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Original article

Effect of vitamin D3 and calcium carbonate supplementation on muscle strength in postmenopausal women living with HIV

Michael T Yin, Mariana Bucovsky, John Williams, Danielle Brunjes, Arindam RoyChoudhury, Ivelisse Colon, David C Ferris, Susan Olender, P Christian Schulze, Anjali Sharma, Cosmina Zeana, Barry Zingman, Elizabeth Shane

Corresponding author name: Michael T Yin
Corresponding author e-mail: mty4@cumc.columbia.edu

Citation: Antiviral Therapy 2020; 25:411-418
doi: 10.3851/IMP3386

Date accepted: 17 January 2021
Date published online: 11 March 2021


Background: Both falls and fractures are increased in older persons living with HIV (PLWH). Low serum total 25-hydroxyvitamin D (25-OHD) levels have been associated with falls, fractures and poor muscle strength. We hypothesized that vitamin D (VitD) supplementation would improve muscle strength in postmenopausal PLWH.

Methods: In a 12-month prospective, randomized, double-blind, study of 69 African American and Hispanic postmenopausal PLWH on antiretroviral therapy with 25-OHD ≥10 ng/ml and ≤32 ng/ml, we investigated the effects of daily low (1,000 IU; n=31) and moderate (3,000 IU; n=38) cholecalciferol doses on lean mass and strength. Change in lean body mass was assessed by dual-energy X-ray absorptiometry (DXA), and isometric and isokinetic muscle strength in the dominant lower extremity was assessed using the Biodex System 4 Pro.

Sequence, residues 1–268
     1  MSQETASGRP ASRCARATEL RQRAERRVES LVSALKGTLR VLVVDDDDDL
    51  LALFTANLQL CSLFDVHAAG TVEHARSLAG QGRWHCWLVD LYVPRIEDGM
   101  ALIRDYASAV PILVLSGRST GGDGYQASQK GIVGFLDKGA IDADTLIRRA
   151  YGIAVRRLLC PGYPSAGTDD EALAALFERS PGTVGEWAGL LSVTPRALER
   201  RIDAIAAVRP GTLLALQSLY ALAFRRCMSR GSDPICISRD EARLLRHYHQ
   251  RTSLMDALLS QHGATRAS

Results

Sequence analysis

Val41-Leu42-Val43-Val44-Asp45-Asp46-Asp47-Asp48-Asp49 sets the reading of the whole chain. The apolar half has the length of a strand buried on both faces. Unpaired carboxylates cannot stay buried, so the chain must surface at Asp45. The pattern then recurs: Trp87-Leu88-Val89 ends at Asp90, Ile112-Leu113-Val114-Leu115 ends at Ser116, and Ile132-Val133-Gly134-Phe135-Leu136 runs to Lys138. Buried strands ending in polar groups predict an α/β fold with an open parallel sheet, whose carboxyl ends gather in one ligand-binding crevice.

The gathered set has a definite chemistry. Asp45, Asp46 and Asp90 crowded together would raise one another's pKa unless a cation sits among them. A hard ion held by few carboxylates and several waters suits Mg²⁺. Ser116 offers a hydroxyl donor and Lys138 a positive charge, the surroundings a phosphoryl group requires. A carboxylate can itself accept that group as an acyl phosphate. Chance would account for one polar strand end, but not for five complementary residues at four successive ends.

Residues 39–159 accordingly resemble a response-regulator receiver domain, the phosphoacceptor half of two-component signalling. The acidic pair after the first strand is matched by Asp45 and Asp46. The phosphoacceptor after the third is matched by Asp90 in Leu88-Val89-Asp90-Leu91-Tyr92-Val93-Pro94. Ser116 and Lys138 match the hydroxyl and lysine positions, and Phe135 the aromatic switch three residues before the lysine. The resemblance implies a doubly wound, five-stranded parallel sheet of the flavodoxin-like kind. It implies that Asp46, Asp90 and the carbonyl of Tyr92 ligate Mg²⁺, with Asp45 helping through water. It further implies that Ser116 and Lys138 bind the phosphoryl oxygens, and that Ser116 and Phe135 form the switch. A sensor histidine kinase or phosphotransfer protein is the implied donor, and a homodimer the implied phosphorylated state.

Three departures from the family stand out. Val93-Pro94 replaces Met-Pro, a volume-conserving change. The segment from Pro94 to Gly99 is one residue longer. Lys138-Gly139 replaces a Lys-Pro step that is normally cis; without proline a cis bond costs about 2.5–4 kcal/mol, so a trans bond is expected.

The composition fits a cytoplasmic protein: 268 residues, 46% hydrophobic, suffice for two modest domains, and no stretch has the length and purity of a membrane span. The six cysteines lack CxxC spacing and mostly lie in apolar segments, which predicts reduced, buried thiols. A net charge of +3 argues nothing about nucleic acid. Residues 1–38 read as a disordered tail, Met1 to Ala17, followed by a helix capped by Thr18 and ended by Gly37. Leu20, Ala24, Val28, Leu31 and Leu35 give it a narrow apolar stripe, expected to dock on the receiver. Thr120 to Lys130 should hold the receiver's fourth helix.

Results: Mean age was 56 ±5 years, median CD4+ T-cell count 722 cells/mm3 and 74% had HIV RNA≤50 copies/ml. Serum 25-OHD did not differ at baseline, but was higher in the moderate than low VitD group at 6 and 12 months. In both groups, there were significant increases in lower extremity isokinetic torque, work and power at 12 months, with no change in lean mass.

Conclusions: VitD supplementation was associated with a modest increase in lower extremity strength in postmenopausal PLWH, without a concomitant increase in muscle mass. Magnitude of increase in strength were similar with 3,000 IU and 1,000 IU daily. Future larger studies will be required to determine the optimal dose of VitD to improve muscle strength and to determine whether supplementation reduces the risk of falls and fractures in PLWH.


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